EconoLodge in Hadley eyed for affordable housing complex

  • EconoLodge hotel at 329 Russell St. in Hadley. STAFF PHOTO/CAROL LOLLIS

Staff Writer
Published: 3/2/2022 4:07:11 PM

HADLEY — A Route 9 hotel could be converted into a 51-room affordable housing complex according to concepts presented to municipal boards this week.

At the Housing and Economic Development Committee Monday, and at a joint meeting of the Planning Board and the Affordable Housing Trust Fund Tuesday, Laura Baker, real estate development director for Valley Community Development, unveiled plans that would convert the EconoLodge hotel at 329 Russell St. into permanent rental housing.

Baker said the nonprofit organization has an agreement to acquire the 63-room hotel from J. Curtis Shumway, president of Hampshire Hospitality Group. Still, she cautioned, any development should be seen as being in the early planning stages.

“It’s what we call ‘site control,’ in our world,” Baker said of the possibility of buying the property, located in front of the Mountain Farms Mall.

Under the plans being considered, there would be 50 apartments, a mix of efficiencies and one-bedrooms, some of which will be subsidized. One apartment would be set aside for an on-site manager.

Baker also anticipates that while some of the apartments would be for people who have recently been homeless, many would be for those who work at the numerous stores, restaurants and service-based businesses that line the commercial corridor. Baker said these workers are among people unable to live in the region due to the pressures on the housing market.

Both Shumway, who has previously expressed concerns about the viability of the hospitality industry in bringing forward concepts for replacing the nearby Howard Johnson hotel with an office building, and state officials, who are pressing developers to pursue housing projects, are eager to see this housing project move forward, Baker said.

In fact, Baker said the state, in convincing nonprofits to act rapidly to increase housing, sees conversion of hotels as a good way to do so, observing that even in pre-pandemic times the occupancy rates were often insufficient.

The three-story EconoLodge opened in May 2003 at the site of the former Country Belle motel, a 1960s-era hotel that was demolished the previous fall.

After Baker explained that she wanted to see if such a project would be tolerated or accepted, and then become part of the subsidized housing inventory for the town, the Housing and Economic Development Committee voted unanimously to endorse the project.

More concerns came from some members of the Planning Board. Joseph Zgrodnik asked why Baker thinks affordable housing is needed when Hadley already exceeds the 10% threshold required by the state, while member Michael Sarsynski said there will be worry about the property becoming an undergraduate college student apartment.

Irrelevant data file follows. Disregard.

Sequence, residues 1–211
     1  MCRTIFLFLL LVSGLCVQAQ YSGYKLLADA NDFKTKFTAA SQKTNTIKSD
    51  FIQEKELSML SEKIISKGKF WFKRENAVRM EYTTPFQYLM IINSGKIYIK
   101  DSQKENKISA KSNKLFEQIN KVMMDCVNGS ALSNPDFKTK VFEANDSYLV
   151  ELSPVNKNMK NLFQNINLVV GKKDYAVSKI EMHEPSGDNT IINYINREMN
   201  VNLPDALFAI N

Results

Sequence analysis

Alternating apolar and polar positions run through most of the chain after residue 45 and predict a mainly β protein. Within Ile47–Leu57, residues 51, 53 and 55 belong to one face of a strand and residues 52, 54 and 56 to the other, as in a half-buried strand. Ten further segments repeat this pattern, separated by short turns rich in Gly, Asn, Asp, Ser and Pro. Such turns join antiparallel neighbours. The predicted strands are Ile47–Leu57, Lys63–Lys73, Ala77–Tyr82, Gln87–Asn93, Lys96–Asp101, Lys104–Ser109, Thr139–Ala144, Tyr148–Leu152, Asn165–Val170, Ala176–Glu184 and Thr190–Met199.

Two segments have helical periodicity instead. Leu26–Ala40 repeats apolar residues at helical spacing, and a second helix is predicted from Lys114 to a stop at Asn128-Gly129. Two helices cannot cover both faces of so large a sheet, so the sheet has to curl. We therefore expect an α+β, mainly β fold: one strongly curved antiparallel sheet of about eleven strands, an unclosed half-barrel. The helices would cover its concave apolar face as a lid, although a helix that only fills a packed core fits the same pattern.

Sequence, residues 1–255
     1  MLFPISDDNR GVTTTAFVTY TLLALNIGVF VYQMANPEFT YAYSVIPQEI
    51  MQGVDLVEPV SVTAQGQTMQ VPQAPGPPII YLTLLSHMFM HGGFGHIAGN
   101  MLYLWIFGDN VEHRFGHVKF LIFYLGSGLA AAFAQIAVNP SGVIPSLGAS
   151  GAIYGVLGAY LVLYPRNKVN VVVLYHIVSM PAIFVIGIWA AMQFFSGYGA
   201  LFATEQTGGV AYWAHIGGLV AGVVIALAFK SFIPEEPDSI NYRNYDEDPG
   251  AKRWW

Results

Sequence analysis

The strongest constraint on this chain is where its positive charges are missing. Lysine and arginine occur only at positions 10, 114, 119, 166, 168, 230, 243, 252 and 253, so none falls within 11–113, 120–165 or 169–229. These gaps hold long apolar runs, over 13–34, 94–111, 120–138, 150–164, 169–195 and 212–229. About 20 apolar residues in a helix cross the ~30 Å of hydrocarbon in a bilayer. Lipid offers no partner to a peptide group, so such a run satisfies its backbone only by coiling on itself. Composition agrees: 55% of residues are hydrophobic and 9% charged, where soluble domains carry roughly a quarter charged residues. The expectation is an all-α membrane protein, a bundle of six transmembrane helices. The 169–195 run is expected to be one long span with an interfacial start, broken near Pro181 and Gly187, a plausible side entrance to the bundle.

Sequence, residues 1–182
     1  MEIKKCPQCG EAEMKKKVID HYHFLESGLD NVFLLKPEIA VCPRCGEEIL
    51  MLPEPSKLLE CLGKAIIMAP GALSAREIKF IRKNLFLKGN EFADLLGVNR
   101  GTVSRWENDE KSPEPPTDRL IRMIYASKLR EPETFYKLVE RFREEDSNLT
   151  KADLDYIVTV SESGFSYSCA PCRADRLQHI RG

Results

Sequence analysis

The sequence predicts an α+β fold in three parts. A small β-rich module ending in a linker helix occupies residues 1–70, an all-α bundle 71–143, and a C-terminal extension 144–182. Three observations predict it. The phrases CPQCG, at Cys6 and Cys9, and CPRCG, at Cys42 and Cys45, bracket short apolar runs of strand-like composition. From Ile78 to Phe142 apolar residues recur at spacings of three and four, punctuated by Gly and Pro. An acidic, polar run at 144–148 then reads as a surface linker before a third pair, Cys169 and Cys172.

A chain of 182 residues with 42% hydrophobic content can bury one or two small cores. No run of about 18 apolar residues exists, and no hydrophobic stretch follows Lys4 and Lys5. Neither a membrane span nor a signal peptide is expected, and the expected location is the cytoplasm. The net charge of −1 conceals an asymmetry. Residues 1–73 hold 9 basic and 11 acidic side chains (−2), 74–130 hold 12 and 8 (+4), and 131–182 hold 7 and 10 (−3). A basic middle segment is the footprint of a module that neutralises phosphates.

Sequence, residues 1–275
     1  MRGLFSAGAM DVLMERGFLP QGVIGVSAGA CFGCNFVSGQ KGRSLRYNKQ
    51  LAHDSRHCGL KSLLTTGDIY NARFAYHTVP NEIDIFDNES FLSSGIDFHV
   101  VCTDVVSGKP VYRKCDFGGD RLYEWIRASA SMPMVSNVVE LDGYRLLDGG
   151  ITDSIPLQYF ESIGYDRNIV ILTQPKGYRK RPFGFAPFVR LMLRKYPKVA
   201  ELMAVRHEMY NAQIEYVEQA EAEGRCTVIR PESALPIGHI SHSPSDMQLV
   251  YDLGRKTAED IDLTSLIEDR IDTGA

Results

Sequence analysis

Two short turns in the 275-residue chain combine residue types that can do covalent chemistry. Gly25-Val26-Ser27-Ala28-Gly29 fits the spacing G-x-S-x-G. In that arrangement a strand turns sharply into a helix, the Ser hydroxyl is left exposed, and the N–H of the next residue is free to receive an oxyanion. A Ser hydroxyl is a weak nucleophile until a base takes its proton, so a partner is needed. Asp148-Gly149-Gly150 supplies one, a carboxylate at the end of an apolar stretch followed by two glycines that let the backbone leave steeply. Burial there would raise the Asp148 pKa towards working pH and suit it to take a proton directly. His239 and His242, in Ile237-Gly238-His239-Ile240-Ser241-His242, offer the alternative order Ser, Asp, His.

Baker said the demand for affordable housing is real and that everyone will be screened to make sure college students aren’t able to rent. “We’re not allowed to rent to the kind of students you’re talking about,” Baker said.

Planning Board Chairman James Maksimoski said the project would need a variance from the Zoning Board of Appeals to allow residential units at the industrially zoned site.

“On the surface, I think what you’re proposing is very nice, I like it,” Maksimoski said.

Then, permitting could come either through the state’s chapter 40A provisions, where it would be permitted by the building commissioner as a site with an educational component. That would include setting aside space for access to technology and some remote learning, perhaps offered by area community colleges.

If permitted under the state’s chapter 40B, though, that would require a more extensive hearing schedule, Baker said.

Other town decisions could include a request for Community Preservation Act money.

Meantime, Lynn Gray, general manager of Hampshire Mall, told the Housing and Economic Development Committee that the challenges of keeping space occupied in malls could lead management to pursue residential development on the site.

Gray said other Pyramid properties have successfully added housing components, including the 282-unit Alexans Kingston where luxury apartments replaced a Sears store, and similar projects are being pursued in New York, included in Glens Falls and Buffalo.

Doing these projects would allow the mall to stay ahead of a changing market.

But Hadley zoning might make this more challenging. Unlike the conversion of the EconoLodge hotel, the mall is in a commercial zone that would require rezoning by Town Meeting. Commercial sites can only have one dwelling unit, based on town zoning.

Scott Merzbach can be reached at
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